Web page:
Alzheimer’s Prevention Trials—The Future Looks Promising

Alzheimer’s Prevention Trials—The Future Looks Promising

Current prevalence estimates for late-onset Alzheimer’s disease LOAD in the United States (U.S.) is approximately 5.1 million.(1) By 2050 the projected prevalence of LOAD is expected to escalate to 13.8 million and a staggering 106.8 million worldwide.(2,3) Pharmacological treatments for LOAD such as cholinesterase inhibitors and NMDA receptor antagonists may slow its progression or attenuate specific molecular pathomechanisms associated with the disease process, but are not long term solutions or curative. While there is active research for more effective disease-modifying drugs* the lack of any significant breakthroughs in the treatment of the disease has propelled a paradigm shift away from focusing solely on a pharmaceutical solution to an inclusive prevention model that emphasizes risk reduction and ultimately the portentous global burden incurred by the disease.

Several clinical trials have recently explored the potential role of prevention-based interventions for decreasing the risk of late-onset Alzheimer’s disease (LOAD) and vascular dementia. The outcomes are encouraging. Multi-dimensional interventional strategies (implementing multiple treatment and prevention modalities simultaneously) versus mono-therapy (employing only with a single treatment modality e.g. drugs) has yielded promising results in reducing the eventual onset of dementia for aging individuals considered to be at higher risk. These trials highlight the potential effectiveness of preventive approaches for individuals deemed to have a higher risk for vascular dementia and LOAD and for the management of Mild Cognitive Impairment (MCI).**

Protected: PREMIUM CONTENT: Blueberry Polyphenols Protect the Brain from the Degenerative Processes Associated with Brain Aging and Alzheimer’s Disease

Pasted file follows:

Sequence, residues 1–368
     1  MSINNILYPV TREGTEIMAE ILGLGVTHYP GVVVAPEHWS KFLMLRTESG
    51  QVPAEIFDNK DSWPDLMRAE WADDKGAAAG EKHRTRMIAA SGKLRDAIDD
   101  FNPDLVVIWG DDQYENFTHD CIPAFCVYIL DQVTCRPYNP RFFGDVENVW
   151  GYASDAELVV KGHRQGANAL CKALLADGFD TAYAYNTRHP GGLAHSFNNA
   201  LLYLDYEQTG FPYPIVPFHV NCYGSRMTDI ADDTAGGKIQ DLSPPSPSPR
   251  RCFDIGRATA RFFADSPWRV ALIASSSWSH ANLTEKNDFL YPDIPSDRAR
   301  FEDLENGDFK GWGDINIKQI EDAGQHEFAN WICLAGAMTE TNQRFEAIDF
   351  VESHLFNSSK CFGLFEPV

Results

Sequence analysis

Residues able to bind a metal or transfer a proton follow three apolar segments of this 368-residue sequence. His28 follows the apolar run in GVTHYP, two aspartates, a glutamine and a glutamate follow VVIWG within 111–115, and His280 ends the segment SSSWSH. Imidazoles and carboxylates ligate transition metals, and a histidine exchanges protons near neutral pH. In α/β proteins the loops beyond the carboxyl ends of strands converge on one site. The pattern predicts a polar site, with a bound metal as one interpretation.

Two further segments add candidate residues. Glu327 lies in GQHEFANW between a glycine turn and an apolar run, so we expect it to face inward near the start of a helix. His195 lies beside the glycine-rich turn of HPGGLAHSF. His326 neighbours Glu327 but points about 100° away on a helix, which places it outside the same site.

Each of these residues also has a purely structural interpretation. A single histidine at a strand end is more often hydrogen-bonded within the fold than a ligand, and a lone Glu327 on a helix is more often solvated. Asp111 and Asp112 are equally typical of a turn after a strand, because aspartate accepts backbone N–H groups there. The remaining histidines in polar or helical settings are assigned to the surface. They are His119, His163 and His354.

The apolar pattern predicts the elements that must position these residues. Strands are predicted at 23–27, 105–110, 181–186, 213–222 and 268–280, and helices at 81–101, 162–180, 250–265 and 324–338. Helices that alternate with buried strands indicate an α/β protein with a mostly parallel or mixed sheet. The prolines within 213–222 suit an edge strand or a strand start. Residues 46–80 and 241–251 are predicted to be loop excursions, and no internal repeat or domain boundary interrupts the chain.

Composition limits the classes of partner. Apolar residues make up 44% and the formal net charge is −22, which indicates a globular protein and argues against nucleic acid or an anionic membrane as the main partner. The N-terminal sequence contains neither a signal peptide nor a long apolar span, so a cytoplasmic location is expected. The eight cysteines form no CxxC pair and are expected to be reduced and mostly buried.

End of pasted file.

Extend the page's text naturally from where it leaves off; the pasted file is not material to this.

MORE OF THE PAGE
Protected: PREMIUM CONTENT: Blueberry Polyphenols Protect the Brain from the Degenerative Processes Associated with Brain Aging and Alzheimer’s Disease

The study of plant and fruit polyphenols, a rich source of dietary antioxidants, represents one of the most promising areas of research in the field of anti-aging, and the prevention of degenerative disorders such as Alzheimer’s disease. Recent and ongoing research indicates that polyphenols present in berries and other fruits and vegetables provide protective and supportive nourishment to critical structures (i.e. hippocampus) in the brain responsible for learning, and memory formation and retention.

Protected: PREMIUM CONTENT: Mild Cognitive Impairment (MCI)–Telltale Signs That You May Be At Increased Risk for Dementia or Alzheimer’s Disease

Protected: PREMIUM CONTENT: Mild Cognitive Impairment (MCI)–Telltale Signs That You May Be At Increased Risk for Dementia or Alzheimer’s Disease

Long before a diagnosis of Dementia or Alzheimers disease (AD) is given, brain damage is occurring that leads to, and reflects the gradual downward spiral of mental decline that typifies AD. A cluster of signs that define Mild Cognitive Impairment (MCI), especially memory loss and forgetfulness, may be the early warning indicators that you are at risk for developing AD. If you can visualize a spectrum whereby healthy brain/cognitive function in an individual is on one side of the spectrum, and AD is on the opposite side, MCI would be inching ever so close to the AD side of the spectrum.

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